reported it because he had had no instructions to report such signals, and
every one on watch was supposed to hear a fog signal.

Captain Murray, marine superintendent of the White Star Line, stated that
on Easter Sunday night, when he was engaged on the salvage of the
Suevic, the Lizard light was obscured by fog, whereas the lights in a farm
house at about the same distance and level could be seen. This was
corroborated by John McLellan, Liverpool underwriters' surveyor, who was
present at the salvage operations. He attributed it to the fact that
electric light did not show through the fog like an oil lamp, which he
considered was more penetrating.

Mr. Stewart said he thought the Court would be justified in calling the
attention of the Board of Trade to the fact that some doubt had been
expressed by competent witnesses as to whether the penetrating power of
the electric light at the Lizard was as useful to navigation in a fog as
oil lamps, and that it might become an additional danger unless navigators
were thoroughly aware of it.

Mr. Sanderson, manager of the White Star Line, said that the master of the
Suevic had had the reputation in the company for many years of being a
thoroughly good shipmaster and an exceptionally careful navigator, and
counsel for Captain Jones urged that if there was a mistake it was a pure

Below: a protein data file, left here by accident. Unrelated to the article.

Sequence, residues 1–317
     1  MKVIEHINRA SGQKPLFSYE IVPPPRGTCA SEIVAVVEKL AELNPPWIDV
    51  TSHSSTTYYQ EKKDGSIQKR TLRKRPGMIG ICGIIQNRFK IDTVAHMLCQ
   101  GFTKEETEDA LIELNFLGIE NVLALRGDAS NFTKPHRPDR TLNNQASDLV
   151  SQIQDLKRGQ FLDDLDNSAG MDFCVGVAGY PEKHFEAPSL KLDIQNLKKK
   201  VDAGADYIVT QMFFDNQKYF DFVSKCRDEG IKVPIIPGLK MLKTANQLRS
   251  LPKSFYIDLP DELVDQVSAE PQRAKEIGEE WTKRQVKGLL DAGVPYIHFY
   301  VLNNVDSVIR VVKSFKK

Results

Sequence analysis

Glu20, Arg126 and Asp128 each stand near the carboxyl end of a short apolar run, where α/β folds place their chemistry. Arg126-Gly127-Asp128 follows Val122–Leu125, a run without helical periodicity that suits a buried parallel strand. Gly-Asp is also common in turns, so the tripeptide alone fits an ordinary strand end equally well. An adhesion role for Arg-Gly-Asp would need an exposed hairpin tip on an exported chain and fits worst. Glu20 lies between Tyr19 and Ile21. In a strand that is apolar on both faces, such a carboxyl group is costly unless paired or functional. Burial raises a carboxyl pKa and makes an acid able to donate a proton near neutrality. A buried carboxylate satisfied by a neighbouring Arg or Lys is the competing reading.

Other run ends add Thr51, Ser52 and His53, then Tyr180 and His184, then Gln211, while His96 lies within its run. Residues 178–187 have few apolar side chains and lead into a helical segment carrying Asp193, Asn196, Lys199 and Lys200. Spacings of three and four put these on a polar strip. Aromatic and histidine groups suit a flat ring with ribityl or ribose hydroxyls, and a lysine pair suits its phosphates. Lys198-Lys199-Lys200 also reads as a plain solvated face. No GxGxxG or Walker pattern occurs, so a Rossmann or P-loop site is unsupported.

error of judgment, and not a wrongful act or default on the captain's part.

Yesterday, in answer to the questions put in by the Board of Trade, Mr.
Stewart stated that the findings of the Court were:-

(1) Proper measures were taken to ascertain and verify the position of the
vessel at noon on March 17 last. The exact position was ascertained by
observations of the sun, which gave lat. 47° 57' 24" N., long. 6° 52' 15" W.
A safe and proper course was set and steered from this position to make the
Lizard light, but no allowance was made for tide or currents. (2)(a) Having
regard to the state of the weather, the vessel was navigated at too great a
rate of speed after 10 p.m. of March 17 ; (b) the lead was not used, and it
should have been used, at 10 p.m., when the master knew that he was well
within the range of the Lizard light but could not see it; (c) the vessel
was kept too long running on a course direct for the land at full speed
after 10 p.m., as the Lizard light had not then been seen nor the lead used.